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A potential correlation between adipokines, skeletal muscle function and bone mineral density in middle-aged and elderly individuals



Evidence exists of a strong association between inflammation and a decrease in skeletal muscle function and bone mineral density (BMD); however, the specific mechanisms of these associations remain unclear. Adipokines, as key regulators of the inflammatory response, may be implicated in these processes. The objective of this study was to explore the potential correlation between adipokines, skeletal muscle function and BMD in middle-aged and elderly individuals.


A comparative cross-sectional study was carried out at the Huadong Hospital Affiliated with Fudan University (Shanghai, China). A total of 460 middle-aged and elderly individuals were recruited, and 125 were enrolled in the analysis. Their biochemical indices, body composition, skeletal muscle function and BMD were measured. Bioinformatic analysis was also employed to identify potential adipokine targets linked to skeletal muscle function and BMD. To validate these targets, plasma and peripheral blood mononuclear cells (PBMCs) were harvested from these individuals and subjected to western blotting (WB) and enzyme-linked immunosorbent assay (ELISA).


Individuals in this cross-sectional study were categorized into 2 groups according to their median skeletal muscle mass (SMM) (28.8 kg for males and 20.6 kg for females). Individuals with lower SMM exhibited poorer grip strength (P = 0.017), longer 5-Times-Sit-to-Stand Test (FTSST) duration (P = 0.029), lower total hip BMD (P = 0.043), lower femoral neck BMD (P = 0.011) and higher levels of inflammatory markers in comparison with individuals with higher SMM. Bioinformatics analysis identified LEP, ADIPOQ, RBP4, and DPP4 as potential adipokine targets associated with skeletal muscle function and BMD. In vitro experiments demonstrated that individuals with decreased skeletal muscle function and BMD expressed higher levels of these adipokines.


Skeletal muscle function is positively correlated with BMD and negatively correlated with levels of inflammatory markers among middle-aged and elderly individuals. Those with lower skeletal muscle function and BMD tend to have a higher expression of LEP, ADIPOQ, RBP4 and DPP4.


Decreased skeletal muscle function is a common issue among elderly individuals [1]. Recent studies suggest that lipids and adipokines in skeletal muscle may be responsible for this condition. Intramyocellular lipids (IMCLs) can accumulate in skeletal muscle during aging, which results in inflammation, impaired mitochondrial oxidative phosphorylation and decreased skeletal muscle function [2]. Adipocytes present in skeletal muscle can also interfere with the normal expression of adipokines, resulting in inflammatory reactions [3], catabolism and damage to skeletal muscle regeneration [4]. Inflammation is a risk factor for skeletal muscle health, and PBMCs are associated with the induction and propagation of inflammation. PBMCs are capable of releasing numerous inflammatory mediators and proinflammatory cytokines [5] by producing adipokines or being activated by adipokines [6, 7] to drive ongoing chronic inflammation, ultimately leading to a decline in skeletal muscle function.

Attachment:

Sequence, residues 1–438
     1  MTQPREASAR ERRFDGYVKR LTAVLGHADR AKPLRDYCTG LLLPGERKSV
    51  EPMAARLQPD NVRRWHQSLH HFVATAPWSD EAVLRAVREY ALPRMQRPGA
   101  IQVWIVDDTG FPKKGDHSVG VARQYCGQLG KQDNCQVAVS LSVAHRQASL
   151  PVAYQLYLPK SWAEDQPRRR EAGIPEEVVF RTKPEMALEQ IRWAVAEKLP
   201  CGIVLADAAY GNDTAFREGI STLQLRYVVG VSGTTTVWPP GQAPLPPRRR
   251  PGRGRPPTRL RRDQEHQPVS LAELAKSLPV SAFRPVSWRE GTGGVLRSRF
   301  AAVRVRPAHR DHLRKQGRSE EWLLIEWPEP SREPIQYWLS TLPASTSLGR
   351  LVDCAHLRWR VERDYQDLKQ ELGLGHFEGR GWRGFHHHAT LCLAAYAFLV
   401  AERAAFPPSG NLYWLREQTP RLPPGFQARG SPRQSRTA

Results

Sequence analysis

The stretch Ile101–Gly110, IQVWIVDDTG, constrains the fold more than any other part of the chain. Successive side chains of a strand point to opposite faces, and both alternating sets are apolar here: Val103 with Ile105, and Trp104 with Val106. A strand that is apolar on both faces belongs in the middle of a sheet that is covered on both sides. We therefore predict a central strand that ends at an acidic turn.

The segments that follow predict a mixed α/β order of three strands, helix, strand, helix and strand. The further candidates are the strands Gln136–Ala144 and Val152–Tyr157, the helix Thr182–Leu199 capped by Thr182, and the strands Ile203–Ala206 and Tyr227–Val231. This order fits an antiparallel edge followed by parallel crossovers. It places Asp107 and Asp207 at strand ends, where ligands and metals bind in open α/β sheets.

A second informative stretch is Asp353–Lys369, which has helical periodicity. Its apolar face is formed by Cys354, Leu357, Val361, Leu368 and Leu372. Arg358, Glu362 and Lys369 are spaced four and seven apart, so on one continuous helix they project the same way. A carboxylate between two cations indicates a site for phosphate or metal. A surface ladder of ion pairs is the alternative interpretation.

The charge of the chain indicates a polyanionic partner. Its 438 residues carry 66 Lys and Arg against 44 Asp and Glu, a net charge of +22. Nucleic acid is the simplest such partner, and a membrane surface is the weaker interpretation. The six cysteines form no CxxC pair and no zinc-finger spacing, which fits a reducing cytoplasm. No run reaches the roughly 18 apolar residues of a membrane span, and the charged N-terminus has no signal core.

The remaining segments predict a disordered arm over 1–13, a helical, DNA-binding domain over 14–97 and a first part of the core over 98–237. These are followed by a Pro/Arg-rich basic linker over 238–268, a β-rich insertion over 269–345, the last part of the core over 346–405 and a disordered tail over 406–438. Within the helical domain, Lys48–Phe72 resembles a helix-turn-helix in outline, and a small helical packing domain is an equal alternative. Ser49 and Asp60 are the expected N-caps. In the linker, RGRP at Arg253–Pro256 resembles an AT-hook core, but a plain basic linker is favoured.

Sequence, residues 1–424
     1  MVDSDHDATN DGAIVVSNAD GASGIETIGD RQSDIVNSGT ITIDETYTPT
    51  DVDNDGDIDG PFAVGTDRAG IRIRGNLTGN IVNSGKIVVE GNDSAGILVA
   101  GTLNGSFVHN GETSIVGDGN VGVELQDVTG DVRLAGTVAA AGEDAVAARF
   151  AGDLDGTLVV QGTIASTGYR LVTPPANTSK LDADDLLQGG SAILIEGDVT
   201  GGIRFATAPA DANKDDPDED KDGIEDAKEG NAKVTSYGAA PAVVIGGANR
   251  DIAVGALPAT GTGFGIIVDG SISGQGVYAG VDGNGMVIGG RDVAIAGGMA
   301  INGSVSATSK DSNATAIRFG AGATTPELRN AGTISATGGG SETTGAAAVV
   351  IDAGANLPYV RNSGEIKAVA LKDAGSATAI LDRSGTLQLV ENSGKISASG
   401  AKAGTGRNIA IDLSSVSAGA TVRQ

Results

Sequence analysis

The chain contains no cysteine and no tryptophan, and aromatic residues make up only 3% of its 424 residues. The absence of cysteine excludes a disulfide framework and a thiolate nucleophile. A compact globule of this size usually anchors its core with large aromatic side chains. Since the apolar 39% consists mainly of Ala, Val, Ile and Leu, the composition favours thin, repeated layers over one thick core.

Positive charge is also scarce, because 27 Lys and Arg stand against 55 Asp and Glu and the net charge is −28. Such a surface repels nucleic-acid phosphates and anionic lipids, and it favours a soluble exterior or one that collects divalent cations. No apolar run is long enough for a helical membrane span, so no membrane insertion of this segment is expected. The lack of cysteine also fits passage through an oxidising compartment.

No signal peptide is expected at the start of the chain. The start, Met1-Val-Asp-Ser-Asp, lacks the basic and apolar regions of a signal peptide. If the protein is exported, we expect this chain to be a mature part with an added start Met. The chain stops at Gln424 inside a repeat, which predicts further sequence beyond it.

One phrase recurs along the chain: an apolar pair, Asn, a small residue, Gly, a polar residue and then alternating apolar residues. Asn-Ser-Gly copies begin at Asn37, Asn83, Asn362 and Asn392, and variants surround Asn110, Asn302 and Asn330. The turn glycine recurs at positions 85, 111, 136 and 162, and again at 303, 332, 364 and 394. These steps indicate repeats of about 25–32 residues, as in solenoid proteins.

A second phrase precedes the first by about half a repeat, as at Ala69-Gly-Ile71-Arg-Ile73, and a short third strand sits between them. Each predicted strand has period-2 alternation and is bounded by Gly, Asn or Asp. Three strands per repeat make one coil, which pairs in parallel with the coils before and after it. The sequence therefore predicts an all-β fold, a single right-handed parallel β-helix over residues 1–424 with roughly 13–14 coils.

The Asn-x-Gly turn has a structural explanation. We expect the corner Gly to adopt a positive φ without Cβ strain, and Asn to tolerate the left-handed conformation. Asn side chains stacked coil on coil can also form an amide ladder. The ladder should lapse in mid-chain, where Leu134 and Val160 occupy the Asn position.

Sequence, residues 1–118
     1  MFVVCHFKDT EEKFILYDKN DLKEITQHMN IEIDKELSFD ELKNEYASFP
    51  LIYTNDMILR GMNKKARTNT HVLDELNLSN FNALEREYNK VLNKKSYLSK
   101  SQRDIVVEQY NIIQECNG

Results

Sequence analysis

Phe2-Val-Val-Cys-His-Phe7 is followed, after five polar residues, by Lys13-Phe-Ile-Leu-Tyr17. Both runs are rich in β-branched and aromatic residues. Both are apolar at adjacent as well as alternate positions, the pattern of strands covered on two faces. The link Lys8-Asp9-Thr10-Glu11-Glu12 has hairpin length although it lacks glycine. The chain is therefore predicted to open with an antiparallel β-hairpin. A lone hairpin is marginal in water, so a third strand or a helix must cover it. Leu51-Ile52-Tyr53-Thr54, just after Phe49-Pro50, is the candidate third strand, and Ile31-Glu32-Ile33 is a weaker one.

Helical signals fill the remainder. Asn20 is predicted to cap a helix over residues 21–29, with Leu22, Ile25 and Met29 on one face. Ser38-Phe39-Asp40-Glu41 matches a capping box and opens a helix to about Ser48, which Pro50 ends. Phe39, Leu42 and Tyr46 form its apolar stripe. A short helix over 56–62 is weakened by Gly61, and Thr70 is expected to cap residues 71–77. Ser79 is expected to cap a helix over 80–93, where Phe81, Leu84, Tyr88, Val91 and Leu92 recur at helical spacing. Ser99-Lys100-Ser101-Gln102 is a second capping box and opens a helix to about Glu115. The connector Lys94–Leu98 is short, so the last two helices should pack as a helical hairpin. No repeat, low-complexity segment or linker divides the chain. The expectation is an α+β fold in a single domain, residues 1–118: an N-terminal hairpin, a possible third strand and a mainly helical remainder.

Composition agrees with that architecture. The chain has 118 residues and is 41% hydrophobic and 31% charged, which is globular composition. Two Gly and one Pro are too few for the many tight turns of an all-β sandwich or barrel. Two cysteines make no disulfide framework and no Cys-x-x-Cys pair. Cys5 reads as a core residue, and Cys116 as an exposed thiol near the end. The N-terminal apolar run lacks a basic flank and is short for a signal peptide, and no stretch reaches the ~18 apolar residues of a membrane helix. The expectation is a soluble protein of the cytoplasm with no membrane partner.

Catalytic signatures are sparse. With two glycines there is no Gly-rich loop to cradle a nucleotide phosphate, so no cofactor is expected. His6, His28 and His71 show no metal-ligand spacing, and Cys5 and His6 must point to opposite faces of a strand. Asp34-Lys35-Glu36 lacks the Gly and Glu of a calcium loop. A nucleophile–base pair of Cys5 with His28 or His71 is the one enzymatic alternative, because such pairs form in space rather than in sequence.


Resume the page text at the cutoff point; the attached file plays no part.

Osteoporosis is an age-related disease characterized by decreased bone strength and mass, which poses a serious threat to both the patient’s lifespan and quality of life. According to an epidemiological study, over 50% of American adults aged 50 and above suffer from decreased BMD, and among them, 1/3 of women and 1/5 of men may experience an osteoporotic fracture at some point during their remaining lifetime [8, 9]. Numerous studies have indicated a significant correlation between BMD and skeletal muscle function [10,11,12]. Skeletal muscle regulates bone metabolism through the endocrine system and mechanical loading, while bones can affect the development of skeletal muscle from local or humoral factors [13]. When the interaction between these tissues is disrupted, both BMD and skeletal muscle function tend to decline simultaneously. Adipokines, which function as modulators of inflammation, have recently been suggested to have a potential adverse effect on this interaction [14, 15].